Skip to comments.Dandy Mini Marts' Field of Gas Dreams: Shale gas booming, retailer to enter CNG business...
Posted on 01/18/2013 10:38:04 PM PST by 2ndDivisionVet
TOWANDA, Pa. -- In the backyard of the Marcellus Shale natural gas formation, another petroleum retailer is entering the natural gas business.
This Friday, Dandy Mini Marts is debuting its first compressed natural gas (CNG) fueling location in a grand opening at its Towanda, Pa., c-store, with local dignitaries and industry representatives in attendance.
The site--said to be the first public CNG fueling site in Northern Pennsylvania--has been open for the past month (see slideshow below), with a second site under construction in Sayre, Pa., due to open around the beginning of March, and third location slated for Elmira, N.Y.
As Randy Williams, owner of Dandy Mini Marts, a chain of 70 stores in New York and Pennsylvania, explained in an exclusive interview with CSP Daily News, the decision to get into CNG was a gut call rooted in the desire to be all things to all customers.
"When you offer different things, whether it is fuel or items in your store, you try to appeal to a broader base of customers," said Williams. "If you don't have it, maybe you're left out."
Dandy Mini Marts was recruited to the CNG business by Oklahoma City-based Chesapeake Energy Corp., the second largest natural gas producer is the United States and the primary leaseholder in the Marcellus Shale...
(Excerpt) Read more at cspnet.com ...
I like CNG for a number of reasons: It’s cheap (at least for now), it’s home-grown, and it doesn’t require a car to carry dead-weight (i.e., batteries), and very complex systems to manage the batteries.
So in a bad-day scenario, CNG cars may be the only thing on the road.
Honda Civic Natural Gas
Thanks, I’m familiar with that vehicle - and it is very tempting. From what I read two or so years ago, they had home-based compressor stations, but not anymore. So you’re stuck finding places to fill up. At the time, there were 3 places in all of Houston - now there’s 4. Better, but not much competition (and the prices showed it back then).
I’m waiting a bit longer before buying something like that Civic...but a larger vehicle conversion is a very interesting thought.
The home based refueling system is slow and costly. The real answer is converting your vehicle to dual use. Eliminates cold starting problems and issues with refilling. CNG extends the life of your engine and you need less frequent oil changes. I will go down that path myself in the near future.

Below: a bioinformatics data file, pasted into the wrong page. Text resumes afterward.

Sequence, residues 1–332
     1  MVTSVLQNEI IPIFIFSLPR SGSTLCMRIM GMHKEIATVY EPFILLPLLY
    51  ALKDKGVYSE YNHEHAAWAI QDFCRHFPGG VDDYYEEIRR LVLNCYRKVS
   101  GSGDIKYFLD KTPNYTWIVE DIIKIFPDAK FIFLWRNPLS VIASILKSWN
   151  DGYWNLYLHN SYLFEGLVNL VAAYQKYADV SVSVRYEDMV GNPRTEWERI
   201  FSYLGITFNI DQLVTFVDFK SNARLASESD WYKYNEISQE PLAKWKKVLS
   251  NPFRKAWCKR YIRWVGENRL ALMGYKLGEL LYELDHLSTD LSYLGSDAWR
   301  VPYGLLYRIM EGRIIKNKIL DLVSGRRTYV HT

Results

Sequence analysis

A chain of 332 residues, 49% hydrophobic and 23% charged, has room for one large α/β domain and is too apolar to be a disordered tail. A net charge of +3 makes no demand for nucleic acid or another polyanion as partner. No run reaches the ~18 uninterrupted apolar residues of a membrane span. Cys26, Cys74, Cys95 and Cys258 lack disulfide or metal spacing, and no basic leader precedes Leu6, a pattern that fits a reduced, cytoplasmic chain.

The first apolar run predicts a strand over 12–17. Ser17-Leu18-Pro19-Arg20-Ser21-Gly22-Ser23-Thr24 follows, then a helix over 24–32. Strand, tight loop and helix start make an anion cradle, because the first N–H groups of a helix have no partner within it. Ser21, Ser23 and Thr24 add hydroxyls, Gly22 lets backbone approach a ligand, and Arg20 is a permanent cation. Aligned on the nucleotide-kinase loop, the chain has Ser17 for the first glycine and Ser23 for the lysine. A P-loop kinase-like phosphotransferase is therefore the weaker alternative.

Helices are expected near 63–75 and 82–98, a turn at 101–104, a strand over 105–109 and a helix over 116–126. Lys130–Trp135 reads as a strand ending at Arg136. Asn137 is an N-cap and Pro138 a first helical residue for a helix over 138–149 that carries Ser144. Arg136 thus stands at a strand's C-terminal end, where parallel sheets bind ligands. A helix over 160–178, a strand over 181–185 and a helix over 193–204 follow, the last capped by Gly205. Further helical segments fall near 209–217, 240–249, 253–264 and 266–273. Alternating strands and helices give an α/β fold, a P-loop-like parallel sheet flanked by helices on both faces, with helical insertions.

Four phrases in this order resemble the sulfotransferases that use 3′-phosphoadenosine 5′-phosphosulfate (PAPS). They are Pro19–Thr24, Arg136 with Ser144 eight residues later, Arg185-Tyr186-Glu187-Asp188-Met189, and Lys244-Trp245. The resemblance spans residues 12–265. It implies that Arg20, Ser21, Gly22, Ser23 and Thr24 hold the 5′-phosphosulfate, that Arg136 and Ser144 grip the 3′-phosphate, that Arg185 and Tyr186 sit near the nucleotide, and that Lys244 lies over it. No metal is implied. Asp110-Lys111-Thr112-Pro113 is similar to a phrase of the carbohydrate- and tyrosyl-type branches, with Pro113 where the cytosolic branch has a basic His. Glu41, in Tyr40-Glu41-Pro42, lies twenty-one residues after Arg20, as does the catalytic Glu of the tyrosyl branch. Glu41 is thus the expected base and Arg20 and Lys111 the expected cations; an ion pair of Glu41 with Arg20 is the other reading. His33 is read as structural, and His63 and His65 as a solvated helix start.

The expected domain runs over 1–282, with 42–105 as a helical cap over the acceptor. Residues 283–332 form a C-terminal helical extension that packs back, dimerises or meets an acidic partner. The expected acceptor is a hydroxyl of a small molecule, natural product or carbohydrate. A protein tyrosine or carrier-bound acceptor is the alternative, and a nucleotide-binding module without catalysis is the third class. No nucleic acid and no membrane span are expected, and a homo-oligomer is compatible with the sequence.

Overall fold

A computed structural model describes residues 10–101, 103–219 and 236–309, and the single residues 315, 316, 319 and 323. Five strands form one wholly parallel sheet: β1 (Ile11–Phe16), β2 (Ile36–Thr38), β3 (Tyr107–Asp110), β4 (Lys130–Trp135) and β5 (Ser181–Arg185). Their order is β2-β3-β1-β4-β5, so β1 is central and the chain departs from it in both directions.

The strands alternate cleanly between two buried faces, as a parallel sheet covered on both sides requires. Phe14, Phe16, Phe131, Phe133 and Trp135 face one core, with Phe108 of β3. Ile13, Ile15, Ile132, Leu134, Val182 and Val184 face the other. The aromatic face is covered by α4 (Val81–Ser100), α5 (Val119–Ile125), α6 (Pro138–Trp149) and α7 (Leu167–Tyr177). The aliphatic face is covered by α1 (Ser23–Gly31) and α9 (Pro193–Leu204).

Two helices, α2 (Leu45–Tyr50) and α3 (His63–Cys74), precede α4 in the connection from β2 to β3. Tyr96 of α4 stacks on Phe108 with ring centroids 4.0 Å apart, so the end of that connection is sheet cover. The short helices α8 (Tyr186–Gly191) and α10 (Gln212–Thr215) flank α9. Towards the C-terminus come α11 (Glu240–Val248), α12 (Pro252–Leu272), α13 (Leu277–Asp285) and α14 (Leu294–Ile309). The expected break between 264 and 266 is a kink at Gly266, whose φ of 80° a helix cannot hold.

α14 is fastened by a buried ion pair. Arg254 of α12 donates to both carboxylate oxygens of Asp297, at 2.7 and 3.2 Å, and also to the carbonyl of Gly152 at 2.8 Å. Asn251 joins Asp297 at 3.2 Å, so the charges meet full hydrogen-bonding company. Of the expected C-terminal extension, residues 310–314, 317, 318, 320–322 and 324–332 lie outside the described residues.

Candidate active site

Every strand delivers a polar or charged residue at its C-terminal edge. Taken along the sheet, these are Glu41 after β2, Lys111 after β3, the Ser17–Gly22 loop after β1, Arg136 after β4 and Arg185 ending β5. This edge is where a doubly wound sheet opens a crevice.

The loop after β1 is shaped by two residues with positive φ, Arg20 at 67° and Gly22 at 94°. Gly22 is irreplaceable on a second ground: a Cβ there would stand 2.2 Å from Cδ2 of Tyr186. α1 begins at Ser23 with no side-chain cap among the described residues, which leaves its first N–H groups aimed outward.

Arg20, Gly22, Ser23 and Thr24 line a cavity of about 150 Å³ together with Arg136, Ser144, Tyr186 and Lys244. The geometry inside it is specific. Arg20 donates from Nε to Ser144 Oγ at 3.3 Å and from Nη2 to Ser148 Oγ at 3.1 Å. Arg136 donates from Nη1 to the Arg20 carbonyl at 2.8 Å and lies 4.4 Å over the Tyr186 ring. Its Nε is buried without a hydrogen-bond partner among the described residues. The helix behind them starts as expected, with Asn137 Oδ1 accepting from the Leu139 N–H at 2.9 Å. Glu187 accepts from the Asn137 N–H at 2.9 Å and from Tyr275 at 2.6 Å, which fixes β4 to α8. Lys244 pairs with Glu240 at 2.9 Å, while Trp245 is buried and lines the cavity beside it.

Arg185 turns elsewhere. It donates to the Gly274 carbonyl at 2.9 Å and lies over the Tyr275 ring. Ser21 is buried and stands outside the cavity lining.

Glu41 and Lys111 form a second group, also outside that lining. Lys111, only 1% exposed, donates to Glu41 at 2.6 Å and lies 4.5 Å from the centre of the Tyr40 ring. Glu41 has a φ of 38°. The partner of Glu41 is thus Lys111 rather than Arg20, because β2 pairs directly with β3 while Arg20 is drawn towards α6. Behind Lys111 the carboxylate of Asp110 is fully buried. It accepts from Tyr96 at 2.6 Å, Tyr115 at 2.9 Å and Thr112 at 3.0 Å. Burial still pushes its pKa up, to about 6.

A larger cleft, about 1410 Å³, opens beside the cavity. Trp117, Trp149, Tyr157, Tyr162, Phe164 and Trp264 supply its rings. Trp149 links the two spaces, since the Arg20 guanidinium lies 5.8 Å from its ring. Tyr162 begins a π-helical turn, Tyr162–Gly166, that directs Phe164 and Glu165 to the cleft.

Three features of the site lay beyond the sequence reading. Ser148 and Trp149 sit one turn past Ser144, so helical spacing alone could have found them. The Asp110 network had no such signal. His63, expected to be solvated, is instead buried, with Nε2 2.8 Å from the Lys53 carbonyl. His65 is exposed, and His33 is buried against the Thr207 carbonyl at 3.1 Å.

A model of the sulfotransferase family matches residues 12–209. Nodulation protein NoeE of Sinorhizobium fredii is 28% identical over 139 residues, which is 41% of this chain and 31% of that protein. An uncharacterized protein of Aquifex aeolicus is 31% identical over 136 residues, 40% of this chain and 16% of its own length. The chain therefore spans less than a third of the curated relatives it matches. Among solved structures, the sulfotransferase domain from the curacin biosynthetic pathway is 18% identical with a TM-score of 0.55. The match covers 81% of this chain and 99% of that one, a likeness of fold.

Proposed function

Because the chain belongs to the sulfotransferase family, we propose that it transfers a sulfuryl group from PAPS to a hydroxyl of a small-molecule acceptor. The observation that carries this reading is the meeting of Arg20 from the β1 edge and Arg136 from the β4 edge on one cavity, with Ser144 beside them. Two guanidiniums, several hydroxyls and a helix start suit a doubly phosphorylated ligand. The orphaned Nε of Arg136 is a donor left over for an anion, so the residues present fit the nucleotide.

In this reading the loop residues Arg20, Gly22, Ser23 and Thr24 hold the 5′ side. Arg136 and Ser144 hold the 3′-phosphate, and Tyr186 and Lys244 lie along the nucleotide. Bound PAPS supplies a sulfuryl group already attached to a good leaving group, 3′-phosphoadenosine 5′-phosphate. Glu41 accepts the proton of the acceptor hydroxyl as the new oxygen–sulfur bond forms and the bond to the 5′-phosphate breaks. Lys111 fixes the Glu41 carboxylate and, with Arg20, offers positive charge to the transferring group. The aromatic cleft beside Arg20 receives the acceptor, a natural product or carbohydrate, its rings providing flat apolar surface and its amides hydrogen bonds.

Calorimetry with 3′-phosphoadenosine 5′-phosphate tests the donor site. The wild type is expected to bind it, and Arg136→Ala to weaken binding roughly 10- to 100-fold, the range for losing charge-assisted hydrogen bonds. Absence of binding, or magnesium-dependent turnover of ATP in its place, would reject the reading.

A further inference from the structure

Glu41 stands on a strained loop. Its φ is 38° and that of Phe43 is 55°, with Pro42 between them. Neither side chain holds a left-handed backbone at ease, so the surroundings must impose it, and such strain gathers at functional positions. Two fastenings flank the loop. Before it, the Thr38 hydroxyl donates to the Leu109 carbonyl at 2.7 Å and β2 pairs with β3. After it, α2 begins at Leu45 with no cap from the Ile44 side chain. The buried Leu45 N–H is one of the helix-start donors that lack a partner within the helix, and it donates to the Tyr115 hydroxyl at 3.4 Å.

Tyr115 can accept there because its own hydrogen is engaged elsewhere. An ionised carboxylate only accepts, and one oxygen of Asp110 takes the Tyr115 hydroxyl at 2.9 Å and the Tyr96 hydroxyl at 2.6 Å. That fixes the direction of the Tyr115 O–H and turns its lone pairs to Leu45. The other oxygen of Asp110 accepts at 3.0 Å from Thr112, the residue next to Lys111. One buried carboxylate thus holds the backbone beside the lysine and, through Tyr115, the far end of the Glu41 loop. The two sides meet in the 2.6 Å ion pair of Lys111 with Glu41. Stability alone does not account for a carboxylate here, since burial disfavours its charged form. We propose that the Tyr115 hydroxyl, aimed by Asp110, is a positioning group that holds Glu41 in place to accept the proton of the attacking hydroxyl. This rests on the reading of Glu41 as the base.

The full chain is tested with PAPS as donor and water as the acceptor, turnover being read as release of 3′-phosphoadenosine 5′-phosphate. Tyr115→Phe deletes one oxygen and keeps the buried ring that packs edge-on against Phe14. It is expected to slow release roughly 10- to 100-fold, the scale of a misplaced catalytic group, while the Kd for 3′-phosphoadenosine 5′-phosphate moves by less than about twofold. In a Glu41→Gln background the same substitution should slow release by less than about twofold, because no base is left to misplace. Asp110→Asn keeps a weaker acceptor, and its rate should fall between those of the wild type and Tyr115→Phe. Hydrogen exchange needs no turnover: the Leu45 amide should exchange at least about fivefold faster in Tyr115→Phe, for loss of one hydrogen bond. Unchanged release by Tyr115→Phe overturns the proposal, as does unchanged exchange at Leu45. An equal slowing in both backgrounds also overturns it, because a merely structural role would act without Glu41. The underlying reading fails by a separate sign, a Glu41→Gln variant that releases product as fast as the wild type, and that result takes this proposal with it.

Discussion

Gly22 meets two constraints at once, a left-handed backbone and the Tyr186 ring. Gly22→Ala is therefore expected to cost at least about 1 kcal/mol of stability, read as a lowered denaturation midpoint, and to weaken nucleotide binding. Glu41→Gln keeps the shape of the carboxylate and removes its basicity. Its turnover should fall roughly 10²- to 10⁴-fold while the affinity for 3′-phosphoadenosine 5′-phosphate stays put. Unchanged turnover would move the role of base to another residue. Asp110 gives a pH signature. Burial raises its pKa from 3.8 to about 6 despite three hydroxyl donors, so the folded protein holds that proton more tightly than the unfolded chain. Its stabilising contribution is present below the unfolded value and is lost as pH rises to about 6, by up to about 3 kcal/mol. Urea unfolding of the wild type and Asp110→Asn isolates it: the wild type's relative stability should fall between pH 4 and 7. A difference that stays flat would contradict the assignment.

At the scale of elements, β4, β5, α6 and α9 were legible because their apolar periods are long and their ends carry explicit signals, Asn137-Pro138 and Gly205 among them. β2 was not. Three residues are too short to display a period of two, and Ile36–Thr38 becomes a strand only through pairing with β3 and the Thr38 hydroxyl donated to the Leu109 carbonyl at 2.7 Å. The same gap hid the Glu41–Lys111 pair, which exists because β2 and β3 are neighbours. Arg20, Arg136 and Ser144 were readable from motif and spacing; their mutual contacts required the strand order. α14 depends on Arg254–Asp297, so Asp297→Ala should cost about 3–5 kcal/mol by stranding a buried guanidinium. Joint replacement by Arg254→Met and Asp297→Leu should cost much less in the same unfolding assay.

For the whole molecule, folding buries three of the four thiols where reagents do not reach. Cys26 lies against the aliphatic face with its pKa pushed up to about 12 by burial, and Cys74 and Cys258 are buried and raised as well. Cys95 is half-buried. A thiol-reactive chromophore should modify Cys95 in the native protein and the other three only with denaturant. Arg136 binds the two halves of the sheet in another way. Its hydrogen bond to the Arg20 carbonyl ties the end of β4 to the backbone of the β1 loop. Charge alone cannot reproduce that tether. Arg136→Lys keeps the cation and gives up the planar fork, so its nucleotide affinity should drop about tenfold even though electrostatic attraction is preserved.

“The home based refueling system is slow and costly. The real answer is converting your vehicle to dual use. Eliminates cold starting problems and issues with refilling. CNG extends the life of your engine and you need less frequent oil changes. I will go down that path myself in the near future.”
Yea, I’m thinking that too. Would be a fun project. I still like the idea of home re-fueling, but I might try it in a different way, such as by having several tanks that stay at home (outdoor shed against the garage, of course). Then use the crappy 6-hour filler on those - but the car gets to fill up from those tanks. Assuming that you can get 3600 psi into the tanks, you can then bring your car up to 2700 psi (i.e., 90% full), if you have enough storage tank volume (i.e., 3x the amount the car holds).
Anyway, I’m still pretty far off from doing that. I also wonder if those home compressors could do better if a higher rate of gas flow were available - either bigger lines or higher pressure. Something that I would think about for my next house.
There are fleet CNG vehicles popping up for sale all the time, usually low mile and reasonably well maintained. There’s a fairly large outfit in Oklahoma that handles nothing but, can’t recall the site but last I visited they had red Chevy Cavalier sedan with 20k miles for $5,000 and a fairly new 4wd white S-10 pickup with 40k miles priced just shy of $10,000. Those were the cheapest ones that appeared servicable. Nearly all US makes for better or worse, plain looking but with basic creature comforts, air, automatic, etc.
I like the idea, but the closer I looked the less I liked. Filters, condensation, inspections, my homeowners insurance, no fuel tax paid (I know, I know) and cost were deterrents.
So much easier to do it at a station.
Nice idea - buy a used fleet vehicle. Saves on the conversion trouble.
“I like the idea, but the closer I looked the less I liked. Filters, condensation, inspections, my homeowners insurance, no fuel tax paid (I know, I know) and cost were deterrents. So much easier to do it at a station. “
Yea, I didn’t get that far...but yea, it would likely be for my next house, where I could work it into a remote garage and not even bother letting the gas company or insurance know about it. Good point on the condensation, especially here in Houston. Not sure about the fuel tax, but if they wanted a penny or two per mile, I would be cool coughing that up.
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